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The geography of shipping from Asia also means routes to North America should be quicker than those to Europe. The black line in Figure 3 shows the difference between the OTI for TPEB and FEWB on a three-month average basis. In Q3’19, TPEB was six days quicker than FEWB. In Q3’22, TPEB was three days quicker, after being three days slower in Q2’22. The bars in Figure 3 show weekly data. As of the second week of October 2022, the difference was 10 days in TPEB’s favor.

Old, New or Never Normal - Future Conditions Uncertain

So are we back to the “old normal”? First, we are nowhere near the “old normal” for the OTI on FEWB or TPEB lanes, which averaged 60 days and 50 days respectively in October 2019. In the short-term, U.S. logistics networks are still exposed to risks including: inland logistics congestion; the remainder of the hurricane season; the risk of a west-coast port strike and uncertainty around whether all unions will accept a recent rail agreement.

Second, caution is also always needed in judging normality in a seasonal business. There are seasonal peaks and troughs in activity surrounding holidays, such as the Lunar New Year and Golden Week in Asia, and peak shipping season for holiday sales in Europe and North America.

Finally, it’s worth bearing in mind that logistics networks have been beset by significant disruptions in most years. Those include:

  • U.S. west coast port strikes in 2015 and 2016;
  • the financial failure of Hanjin Shipping in 2016;
  • corporate strategies to pre-empt U.S.-China trade war tariffs in 2018 and 2019;
  • the start of the pandemic in 2020; the Suez Canal closure in 2021 and;
  • in 2022 there’s the conflict in Ukraine as well as ongoing COVID-19 disruptions to Asian supply chains.

Perhaps it would be better to talk of a “never normal” for logistics networks.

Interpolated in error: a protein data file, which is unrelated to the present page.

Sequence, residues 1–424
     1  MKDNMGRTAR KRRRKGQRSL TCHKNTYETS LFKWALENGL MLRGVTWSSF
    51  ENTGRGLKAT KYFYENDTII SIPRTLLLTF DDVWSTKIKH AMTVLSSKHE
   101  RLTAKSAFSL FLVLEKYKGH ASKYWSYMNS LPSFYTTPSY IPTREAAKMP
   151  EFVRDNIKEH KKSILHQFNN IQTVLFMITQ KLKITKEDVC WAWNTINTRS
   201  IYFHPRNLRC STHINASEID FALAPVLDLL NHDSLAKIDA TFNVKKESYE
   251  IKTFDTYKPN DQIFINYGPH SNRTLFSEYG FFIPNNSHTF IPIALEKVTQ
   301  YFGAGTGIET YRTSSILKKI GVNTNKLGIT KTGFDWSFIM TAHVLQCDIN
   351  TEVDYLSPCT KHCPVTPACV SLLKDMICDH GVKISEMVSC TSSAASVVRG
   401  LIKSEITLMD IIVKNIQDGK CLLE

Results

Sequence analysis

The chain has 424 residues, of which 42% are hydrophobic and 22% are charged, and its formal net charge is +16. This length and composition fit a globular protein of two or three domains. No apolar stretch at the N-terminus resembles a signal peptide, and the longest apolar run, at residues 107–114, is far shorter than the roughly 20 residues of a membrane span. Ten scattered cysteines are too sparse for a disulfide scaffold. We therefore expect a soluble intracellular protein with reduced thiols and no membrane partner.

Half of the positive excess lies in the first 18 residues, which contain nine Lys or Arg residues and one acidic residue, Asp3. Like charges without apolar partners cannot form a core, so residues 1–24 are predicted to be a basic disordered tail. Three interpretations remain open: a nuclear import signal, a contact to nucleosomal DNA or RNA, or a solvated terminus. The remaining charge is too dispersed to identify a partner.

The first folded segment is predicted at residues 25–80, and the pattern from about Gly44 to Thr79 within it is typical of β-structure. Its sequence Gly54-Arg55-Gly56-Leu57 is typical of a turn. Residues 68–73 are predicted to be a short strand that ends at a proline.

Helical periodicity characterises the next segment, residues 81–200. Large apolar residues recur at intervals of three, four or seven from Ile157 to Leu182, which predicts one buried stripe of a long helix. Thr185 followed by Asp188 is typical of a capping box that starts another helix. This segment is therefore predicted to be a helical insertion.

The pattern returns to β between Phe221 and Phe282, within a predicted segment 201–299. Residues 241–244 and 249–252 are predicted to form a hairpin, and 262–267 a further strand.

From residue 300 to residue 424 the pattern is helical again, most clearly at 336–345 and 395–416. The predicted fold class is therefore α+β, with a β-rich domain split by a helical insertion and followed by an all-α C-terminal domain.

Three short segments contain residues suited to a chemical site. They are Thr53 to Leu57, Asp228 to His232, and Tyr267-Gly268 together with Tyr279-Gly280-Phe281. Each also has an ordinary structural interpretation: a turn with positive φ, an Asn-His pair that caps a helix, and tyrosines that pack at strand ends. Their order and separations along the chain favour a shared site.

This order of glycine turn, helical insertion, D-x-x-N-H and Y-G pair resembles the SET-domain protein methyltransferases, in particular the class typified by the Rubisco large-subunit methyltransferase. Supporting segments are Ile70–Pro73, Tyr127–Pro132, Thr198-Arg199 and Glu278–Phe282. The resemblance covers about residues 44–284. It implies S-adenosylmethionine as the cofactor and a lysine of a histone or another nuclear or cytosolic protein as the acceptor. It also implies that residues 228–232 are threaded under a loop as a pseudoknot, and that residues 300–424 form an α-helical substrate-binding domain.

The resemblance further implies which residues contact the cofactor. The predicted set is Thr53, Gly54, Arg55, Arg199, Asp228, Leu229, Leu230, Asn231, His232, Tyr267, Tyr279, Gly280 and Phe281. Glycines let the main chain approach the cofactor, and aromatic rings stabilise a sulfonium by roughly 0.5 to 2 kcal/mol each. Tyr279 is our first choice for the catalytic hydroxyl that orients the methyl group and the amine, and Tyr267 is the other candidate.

In conclusion: Flexport’s Ocean Timeliness Indicator shows uneven progress in the improvement in shipping times on different lanes. Strike action and carrier decisions are potential reasons, as is a return to “old normal” timeliness. It could take until well into 2023 for final patterns to emerge, if at all.

Disclaimer: The contents of this report are made available for informational purposes only and should not be relied upon for any legal, business, or financial decisions. Flexport does not guarantee, represent, or warrant any of the contents of this report because they are based on our current beliefs, expectations, and assumptions, about which there can be no assurance due to various anticipated and unanticipated events that may occur. This report has been prepared to the best of our knowledge and research; however, the information presented herein may not reflect the most current regulatory or industry developments. Neither Flexport nor its advisors or affiliates shall be liable for any losses that arise in any way due to the reliance on the contents contained in this report.

About the Author

Chris Rogers

Chris Rogers

Supply Chain Economist

Key Research Takeaways

1.

Ocean shipping timeliness continues to improve on TPEB lanes, but has stalled for FEWB.

2.

Europe has been more prone to strikes, though we may simply be seeing a historic pattern re-establish itself.

3.

While 2022 already looks different to 2021, it’s worth questioning whether there is such a thing as a normal year for logistics networks.